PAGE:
Nearly twenty years after it began, the war in Afghanistan has ended with a startling declaration from a Taliban spokesman on the tarmac of the Kabul airport.

“This victory belongs to us all,” bellowed Zabihullah Mujahid.

America’s frantic withdrawal from the war-torn country, exacerbated by the tragic deaths of thirteen service members last week, has left many angry and heartbroken – and some even questioning whether the two-decade effort was worth it at all.

The cost of war is often calculated in deaths and dollars, two disparate measures that are often conflated together. In fact, the human cost is incalculable – the loss of potential and future hopes and dreams of loved ones almost too unbearable to even ponder, let alone quantify.

Since 2001, 2,461 Americans have died in Afghanistan. But we’re often numbed by numbers – that is until names and faces are attached to them. As thirteen flag-draped coffins returned to the United States this past weekend, and we learned the names and backgrounds of those who paid the ultimate sacrifice, the toll seems all the more terrible.

But given the debacle of the last few weeks and the takeover of the country by the Taliban – was the long campaign worth its horrific cost?

The answer to that question is “Yes.”

Did our heroes in uniform die in vain?

To that I would reply a resounding “No.”

One of the great challenges of almost every security-oriented career is that you rarely get credit for what you prevent. That’s because in the United States, especially, peace is the norm. We take it for granted. But peace is only garnered because good guys keep bad guys and their evil at bay by their quiet but brave diligence.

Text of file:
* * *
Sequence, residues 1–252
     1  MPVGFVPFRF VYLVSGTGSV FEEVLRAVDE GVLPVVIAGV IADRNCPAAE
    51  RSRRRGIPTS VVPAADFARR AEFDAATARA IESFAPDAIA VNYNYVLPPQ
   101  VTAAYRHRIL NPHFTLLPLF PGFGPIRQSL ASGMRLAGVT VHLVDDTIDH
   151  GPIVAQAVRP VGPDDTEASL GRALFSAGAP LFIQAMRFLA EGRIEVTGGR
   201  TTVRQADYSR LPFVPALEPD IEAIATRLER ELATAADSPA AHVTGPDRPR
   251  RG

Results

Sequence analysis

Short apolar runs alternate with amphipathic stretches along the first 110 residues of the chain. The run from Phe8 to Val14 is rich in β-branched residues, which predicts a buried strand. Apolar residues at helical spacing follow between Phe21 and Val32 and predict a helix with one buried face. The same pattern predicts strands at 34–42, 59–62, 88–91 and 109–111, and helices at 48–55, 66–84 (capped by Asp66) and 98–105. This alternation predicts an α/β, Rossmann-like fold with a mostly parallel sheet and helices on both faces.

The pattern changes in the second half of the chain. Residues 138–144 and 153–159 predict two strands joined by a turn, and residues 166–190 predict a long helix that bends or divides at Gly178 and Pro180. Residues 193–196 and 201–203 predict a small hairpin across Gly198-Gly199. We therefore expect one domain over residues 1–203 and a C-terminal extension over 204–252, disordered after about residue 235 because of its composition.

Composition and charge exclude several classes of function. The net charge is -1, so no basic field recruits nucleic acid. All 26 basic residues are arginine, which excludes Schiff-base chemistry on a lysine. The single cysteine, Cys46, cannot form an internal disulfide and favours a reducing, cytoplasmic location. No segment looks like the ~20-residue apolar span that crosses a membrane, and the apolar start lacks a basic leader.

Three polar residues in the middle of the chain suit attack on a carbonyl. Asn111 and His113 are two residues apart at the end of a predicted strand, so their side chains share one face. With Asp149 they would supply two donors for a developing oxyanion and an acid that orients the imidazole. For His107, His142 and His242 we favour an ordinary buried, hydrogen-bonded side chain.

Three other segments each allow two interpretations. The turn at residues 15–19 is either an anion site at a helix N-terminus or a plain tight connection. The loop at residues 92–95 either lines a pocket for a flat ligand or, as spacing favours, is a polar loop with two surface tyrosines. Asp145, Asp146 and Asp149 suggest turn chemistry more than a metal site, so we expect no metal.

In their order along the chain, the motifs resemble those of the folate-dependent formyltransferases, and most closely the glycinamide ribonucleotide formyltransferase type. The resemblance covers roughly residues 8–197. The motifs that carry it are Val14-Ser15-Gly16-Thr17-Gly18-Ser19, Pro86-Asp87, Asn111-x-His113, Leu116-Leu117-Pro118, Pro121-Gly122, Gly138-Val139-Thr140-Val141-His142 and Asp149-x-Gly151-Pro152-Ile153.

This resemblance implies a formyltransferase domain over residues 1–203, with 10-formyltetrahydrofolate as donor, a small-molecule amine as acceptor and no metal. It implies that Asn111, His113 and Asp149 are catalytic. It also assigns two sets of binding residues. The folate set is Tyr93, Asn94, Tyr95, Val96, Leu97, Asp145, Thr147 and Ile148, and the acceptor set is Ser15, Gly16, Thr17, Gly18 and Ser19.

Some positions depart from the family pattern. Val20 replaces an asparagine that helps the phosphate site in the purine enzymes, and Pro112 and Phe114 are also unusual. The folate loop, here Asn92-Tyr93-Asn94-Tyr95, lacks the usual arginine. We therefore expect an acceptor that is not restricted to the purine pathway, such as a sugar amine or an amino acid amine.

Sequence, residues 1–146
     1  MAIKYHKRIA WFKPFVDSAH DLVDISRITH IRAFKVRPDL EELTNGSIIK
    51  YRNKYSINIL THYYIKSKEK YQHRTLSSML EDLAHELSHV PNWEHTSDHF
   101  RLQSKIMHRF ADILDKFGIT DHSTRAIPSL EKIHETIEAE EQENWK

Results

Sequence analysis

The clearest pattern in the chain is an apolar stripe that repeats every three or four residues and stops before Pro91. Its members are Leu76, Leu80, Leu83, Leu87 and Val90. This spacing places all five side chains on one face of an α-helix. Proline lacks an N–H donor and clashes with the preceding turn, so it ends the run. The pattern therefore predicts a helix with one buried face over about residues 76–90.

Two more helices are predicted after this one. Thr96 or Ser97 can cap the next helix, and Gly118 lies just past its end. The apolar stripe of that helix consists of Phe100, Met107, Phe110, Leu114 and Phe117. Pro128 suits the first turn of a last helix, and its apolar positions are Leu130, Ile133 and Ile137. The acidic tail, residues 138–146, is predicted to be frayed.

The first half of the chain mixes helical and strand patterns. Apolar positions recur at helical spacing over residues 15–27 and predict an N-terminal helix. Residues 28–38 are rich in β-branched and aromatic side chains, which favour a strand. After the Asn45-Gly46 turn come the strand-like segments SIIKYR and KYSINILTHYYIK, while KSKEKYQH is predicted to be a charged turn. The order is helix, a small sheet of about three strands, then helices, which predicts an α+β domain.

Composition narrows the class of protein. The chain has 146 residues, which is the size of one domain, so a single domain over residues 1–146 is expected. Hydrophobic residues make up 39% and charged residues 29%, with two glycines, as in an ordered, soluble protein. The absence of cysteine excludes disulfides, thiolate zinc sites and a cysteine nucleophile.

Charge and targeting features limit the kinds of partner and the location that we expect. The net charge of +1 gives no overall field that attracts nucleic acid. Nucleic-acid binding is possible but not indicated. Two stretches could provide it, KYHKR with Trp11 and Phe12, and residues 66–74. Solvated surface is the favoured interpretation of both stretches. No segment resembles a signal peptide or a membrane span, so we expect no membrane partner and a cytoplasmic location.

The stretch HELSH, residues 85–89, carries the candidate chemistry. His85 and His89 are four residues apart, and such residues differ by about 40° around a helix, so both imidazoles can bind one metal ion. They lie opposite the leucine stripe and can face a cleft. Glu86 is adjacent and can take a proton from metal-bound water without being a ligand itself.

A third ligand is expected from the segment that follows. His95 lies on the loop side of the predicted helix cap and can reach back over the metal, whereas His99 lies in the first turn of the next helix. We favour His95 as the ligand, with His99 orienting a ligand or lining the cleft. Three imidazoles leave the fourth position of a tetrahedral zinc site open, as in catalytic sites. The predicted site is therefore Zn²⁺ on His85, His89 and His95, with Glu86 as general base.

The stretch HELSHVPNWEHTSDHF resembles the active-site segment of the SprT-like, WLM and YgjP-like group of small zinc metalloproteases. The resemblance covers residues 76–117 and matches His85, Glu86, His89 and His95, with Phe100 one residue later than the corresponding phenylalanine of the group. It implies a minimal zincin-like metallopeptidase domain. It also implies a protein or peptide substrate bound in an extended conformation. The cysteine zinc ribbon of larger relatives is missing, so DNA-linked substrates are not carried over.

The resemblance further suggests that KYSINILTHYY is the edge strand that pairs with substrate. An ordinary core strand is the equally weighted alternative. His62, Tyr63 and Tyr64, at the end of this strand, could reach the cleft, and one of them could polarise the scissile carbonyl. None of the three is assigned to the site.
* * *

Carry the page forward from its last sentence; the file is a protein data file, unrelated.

Let’s face it. It’s usually only the makings of a movie where a bomb is diffused at the last minute in the middle of a shopping mall in Georgia 

In reality, it’s an American patrol in an obscure Afghan village that turns up a house containing rebels ten tiers down the terror chain that would have contributed to the deadly attack in Atlanta. But because a sharp 19-year-old Marine who volunteered to risk his life for ours was doing his job in the middle of the night in Afghanistan, terror didn’t make it to the United States.

We’ll never know the Marine’s name. In fact, the Marine himself will never know how many American lives he saved back home. 

The legacy of the 800,000 American service members who have served in Afghanistan is the relative peace America has enjoyed since the aftermath of the horror of September 11, 2001.

Our military men and women who courageously serve in the Middle East are fighting evil over there so that we don’t have to fight them here. They are deserving of our gratitude and appreciation for now and evermore.  

We honor the memories and service of those who gave their lives in Afghanistan and extend our sincerest thanks to those who have served there these last twenty years. If we lived another one-thousand years we could never adequately express our appreciation.

Photo from Shutterstock.